Going Home (1971)

going-home

By Richard Winters

My Rating: 6 out of 10

4-Word Review: Father and son reunite.

One night during a drunken rage Harry Graham (Robert Mitchum) kills his wife (Sally Kirkland), which gets witnessed by their 7-year-old son Jimmy (Jan-Michael Vincent). 13 years later Harry is paroled and Jimmy uses this opportunity to try and reconcile with his father and find out why he did it, but Harry has moved on. He has a new job and a girlfriend named Jenny (Brenda Vaccaro) and when Jimmy appears it creates an awkward tension that gets progressively worse.

One of the biggest problems with this film is that the characters and their motivations are not fleshed out enough and their actions make little sense. I’ve watched a lot of true-life crime shows and have found that in cases where this situation has occurred in real-life that the adult child will usually cease communication with their father and completely disown them, so it seemed strange why Jimmy would want to restart their relationship. If he was curious to know why Harry did it then he could’ve simply writing him a letter with that question, which he never bothered to do while the man was incarcerated.

The film also fails to show what happened to Jimmy during the time Harry was in prison. He is shown arriving at an orphanage, but nothing about what does when he gets there or being put into a foster home and getting adoptive parents, or moving in with relatives, which is what usually occurs. He somehow has no friends or job and if this is because of his childhood trauma then it should get explained or more strongly implied, but it isn’t and it leaves a big void in the story.

Harry’s actions are equally confusing. The murder gets played out at the beginning and we see the stabbed mother crawl down the stairs and beg Jimmy for help and then Harry comes down and looks at the dead body before turning towards the boy with a guilty expression, but if  he feels so bad about what he has just done and the traumatic impact he’s put his son through then he should’ve thought of that beforehand. I would’ve expected to see a completely different set of emotions in the man’s eyes like anger, rage, insanity or even fear because now he knows he’ll will be going to prison, but guilt wouldn’t play into it, at least not that quickly if ever.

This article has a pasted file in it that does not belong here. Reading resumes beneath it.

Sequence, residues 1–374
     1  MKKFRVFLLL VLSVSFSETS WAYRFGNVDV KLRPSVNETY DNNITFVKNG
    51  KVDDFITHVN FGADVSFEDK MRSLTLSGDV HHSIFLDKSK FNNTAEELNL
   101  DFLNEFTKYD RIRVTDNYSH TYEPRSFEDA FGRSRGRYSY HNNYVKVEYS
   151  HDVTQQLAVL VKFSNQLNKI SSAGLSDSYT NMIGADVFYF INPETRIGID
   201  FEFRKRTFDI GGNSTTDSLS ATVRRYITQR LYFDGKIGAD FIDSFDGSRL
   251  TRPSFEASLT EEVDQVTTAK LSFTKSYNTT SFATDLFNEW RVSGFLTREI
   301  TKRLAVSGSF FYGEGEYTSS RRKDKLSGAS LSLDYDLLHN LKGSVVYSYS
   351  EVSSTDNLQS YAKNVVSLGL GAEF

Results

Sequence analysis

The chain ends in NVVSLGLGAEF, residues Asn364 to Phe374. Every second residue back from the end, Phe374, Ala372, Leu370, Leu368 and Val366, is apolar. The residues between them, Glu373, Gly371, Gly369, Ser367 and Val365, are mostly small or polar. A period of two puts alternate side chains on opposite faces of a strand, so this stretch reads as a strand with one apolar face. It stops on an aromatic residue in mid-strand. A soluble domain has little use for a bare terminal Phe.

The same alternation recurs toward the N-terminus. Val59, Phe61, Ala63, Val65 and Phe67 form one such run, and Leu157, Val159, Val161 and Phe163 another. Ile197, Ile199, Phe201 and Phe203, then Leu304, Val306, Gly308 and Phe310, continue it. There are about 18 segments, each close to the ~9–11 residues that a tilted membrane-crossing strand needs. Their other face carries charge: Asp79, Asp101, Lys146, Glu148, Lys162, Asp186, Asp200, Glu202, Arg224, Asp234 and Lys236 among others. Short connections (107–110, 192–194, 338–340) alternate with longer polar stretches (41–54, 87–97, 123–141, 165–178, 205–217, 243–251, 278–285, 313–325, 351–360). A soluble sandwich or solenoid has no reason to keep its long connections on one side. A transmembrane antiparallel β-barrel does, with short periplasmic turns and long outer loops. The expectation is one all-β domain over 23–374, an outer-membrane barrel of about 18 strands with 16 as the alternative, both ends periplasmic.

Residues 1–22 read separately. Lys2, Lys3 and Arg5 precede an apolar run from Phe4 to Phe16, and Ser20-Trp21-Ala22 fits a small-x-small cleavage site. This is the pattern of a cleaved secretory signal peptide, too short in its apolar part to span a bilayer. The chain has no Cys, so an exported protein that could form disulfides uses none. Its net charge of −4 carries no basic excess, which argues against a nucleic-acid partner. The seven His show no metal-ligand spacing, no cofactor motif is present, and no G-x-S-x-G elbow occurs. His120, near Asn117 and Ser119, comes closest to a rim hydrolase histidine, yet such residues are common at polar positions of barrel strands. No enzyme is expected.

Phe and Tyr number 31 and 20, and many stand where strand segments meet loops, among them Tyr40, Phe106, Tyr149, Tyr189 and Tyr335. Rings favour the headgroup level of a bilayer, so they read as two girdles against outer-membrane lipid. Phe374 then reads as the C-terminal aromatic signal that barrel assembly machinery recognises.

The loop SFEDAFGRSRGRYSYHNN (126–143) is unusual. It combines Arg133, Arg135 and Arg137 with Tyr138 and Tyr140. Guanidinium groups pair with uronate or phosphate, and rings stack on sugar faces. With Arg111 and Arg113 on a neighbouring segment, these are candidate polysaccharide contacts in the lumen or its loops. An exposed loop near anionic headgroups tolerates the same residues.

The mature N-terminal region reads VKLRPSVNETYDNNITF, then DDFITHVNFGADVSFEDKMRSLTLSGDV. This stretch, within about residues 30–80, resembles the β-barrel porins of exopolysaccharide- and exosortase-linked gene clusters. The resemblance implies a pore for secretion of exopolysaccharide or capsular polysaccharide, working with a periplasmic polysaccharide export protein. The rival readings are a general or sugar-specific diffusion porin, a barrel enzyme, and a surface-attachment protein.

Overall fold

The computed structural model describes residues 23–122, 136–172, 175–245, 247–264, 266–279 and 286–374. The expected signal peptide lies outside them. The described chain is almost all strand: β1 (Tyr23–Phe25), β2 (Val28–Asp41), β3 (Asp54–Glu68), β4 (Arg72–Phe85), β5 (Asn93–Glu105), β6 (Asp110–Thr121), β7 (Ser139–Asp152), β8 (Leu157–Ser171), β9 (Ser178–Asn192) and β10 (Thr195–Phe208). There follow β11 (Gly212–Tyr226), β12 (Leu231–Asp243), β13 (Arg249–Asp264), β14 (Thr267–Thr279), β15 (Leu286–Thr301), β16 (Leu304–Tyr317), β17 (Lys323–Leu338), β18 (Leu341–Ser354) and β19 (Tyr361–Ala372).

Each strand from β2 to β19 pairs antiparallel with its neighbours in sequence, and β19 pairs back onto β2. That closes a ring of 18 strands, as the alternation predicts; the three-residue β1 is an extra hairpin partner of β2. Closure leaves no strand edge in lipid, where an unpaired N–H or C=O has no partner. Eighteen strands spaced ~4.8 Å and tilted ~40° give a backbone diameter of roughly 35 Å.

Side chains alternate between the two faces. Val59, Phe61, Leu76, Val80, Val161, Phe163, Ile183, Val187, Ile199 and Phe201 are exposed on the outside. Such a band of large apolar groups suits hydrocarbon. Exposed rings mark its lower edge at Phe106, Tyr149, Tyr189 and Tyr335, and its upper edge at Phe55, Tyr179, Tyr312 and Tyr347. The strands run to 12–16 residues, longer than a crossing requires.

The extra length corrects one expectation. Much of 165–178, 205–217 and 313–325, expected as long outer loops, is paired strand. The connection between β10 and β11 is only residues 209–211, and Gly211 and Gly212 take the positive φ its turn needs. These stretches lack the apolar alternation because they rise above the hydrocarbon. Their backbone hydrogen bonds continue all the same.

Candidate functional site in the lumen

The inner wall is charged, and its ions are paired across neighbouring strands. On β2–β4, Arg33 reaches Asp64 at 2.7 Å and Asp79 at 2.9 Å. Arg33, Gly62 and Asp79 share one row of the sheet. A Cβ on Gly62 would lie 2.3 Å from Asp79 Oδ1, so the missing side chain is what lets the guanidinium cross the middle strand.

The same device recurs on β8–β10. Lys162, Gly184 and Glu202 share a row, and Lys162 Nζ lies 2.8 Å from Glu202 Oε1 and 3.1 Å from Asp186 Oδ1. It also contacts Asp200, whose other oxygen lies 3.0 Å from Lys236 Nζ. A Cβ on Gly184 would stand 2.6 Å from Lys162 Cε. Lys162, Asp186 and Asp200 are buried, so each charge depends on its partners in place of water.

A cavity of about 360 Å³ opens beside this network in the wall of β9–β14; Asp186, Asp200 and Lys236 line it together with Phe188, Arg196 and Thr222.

Mitchum’s character is straddled with conveying only one emotion throughout, which is guilt. We never tap into the other side of the man that propelled him to commit such a heinous act and his explanation, which is that he ‘just got drunk’ is insufficient. The character also pops up too conveniently at times. One moment is when Jimmy goes back to their former home, which has now been turned into a whorehouse and he hides in the basement. Harry comes looking for him and despite the fact that there are many people there and it’s a large place he immediately goes to the cellar, but how would he have known to look there? Another segment has him magically coming to Jimmy’s rescue when his son is accosted by a group of sailors underneath a boardwalk even though he was bowling in another building and would have no way of knowing what was occurring outside.

The film has solid production values and director Herbert B. Leonard shows flair with the location shooting, which was done in both New Jersey and Pennsylvania. There is also a good scene inside a chicken coop  and actor Josh Mostel (Zero’s son) has an interesting film debut playing Harry’s young, flippant parole officer who delights in demeaning his client as much as possible, but the story leaves open too many unanswered questions and isn’t impactful or relevant.

My Rating: 6 out of 10

Released: December 1, 1971

Runtime: 1Hour 37Minutes

Rated GP

Director: Herbert B. Leonard

Studio: MGM

Available: DVD-R (Warner Archive)

Leave a Reply

Fill in your details below or click an icon to log in:

WordPress.com Logo

You are commenting using your WordPress.com account. Log Out / Change )

Twitter picture

You are commenting using your Twitter account. Log Out / Change )

Facebook photo

You are commenting using your Facebook account. Log Out / Change )

Google+ photo

You are commenting using your Google+ account. Log Out / Change )

Connecting to %s